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Reading Rockets: Reading and the Brain

“Reading and the Brain,” the eighth episode of the award-winning series “Reading Rockets: Launching Young Readers,” offers an intriguing look at exciting scientific breakthroughs that may fundamentally change the way reading problems are resolved.

Host Henry Winkler, who struggles with dyslexia himself, explores how brain scientists in Washington, D.C., Houston, Chicago, Louisville and Toronto are working to solve the puzzle of why some children struggle to read and others don’t. Startling new research shows the answer may lie in how a child’s brain is wired from birth.

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reading and the brain 1

The sensors taped to Peter Oathout’s head measure how his brain cells communicate with each other, showing literally how his brain rewired itself after intensive interventions to overcome his dyslexia.

Credit: Ben DeSoto ©2005

reading and the brain 2

People with dyslexia typically use more of the right side of their brain to read, which is illustrated by the orange centers on Peter Oathout’s brain (top). After intensive tutoring, Peter began to use more of the left side of his brain (bottom), which is more typical of good readers. During this time, he moved from reading in the bottom 10th percentile to the 85th.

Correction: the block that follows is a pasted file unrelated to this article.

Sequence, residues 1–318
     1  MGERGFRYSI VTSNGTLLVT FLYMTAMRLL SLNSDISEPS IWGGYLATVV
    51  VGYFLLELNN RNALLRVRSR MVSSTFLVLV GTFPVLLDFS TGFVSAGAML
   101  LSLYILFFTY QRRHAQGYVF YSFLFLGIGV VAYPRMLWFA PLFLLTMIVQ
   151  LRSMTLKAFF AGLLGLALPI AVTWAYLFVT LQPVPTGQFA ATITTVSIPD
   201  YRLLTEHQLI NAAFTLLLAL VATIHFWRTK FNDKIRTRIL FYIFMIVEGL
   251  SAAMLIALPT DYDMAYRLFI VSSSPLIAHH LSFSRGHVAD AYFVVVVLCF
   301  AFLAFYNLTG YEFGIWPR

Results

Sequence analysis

Credit: University of Texas Medical School at Houston

reading and the brain 3

Day-old Santana Hamond undergoes testing to determine if he can hear the difference between certain sounds, a critical indicator of whether or not he will struggle to learn to read.

Credit: Chris Hall ©2005

reading and the brain 4

Doctors Dennis and Victoria Molfese, University of Louisville, are using data from their inventive work with infants to develop early interventions for children found to be at risk for reading problems.

Credit: Chris Hall ©2005

reading and the brain 5

Arik Kimber, who has autism, and his service dog, Gus. Arik and Gus take part in “Floortime” therapy, which helps Arik improve his reading comprehension by engaging him emotionally.

Credit: Jim Ross ©2006

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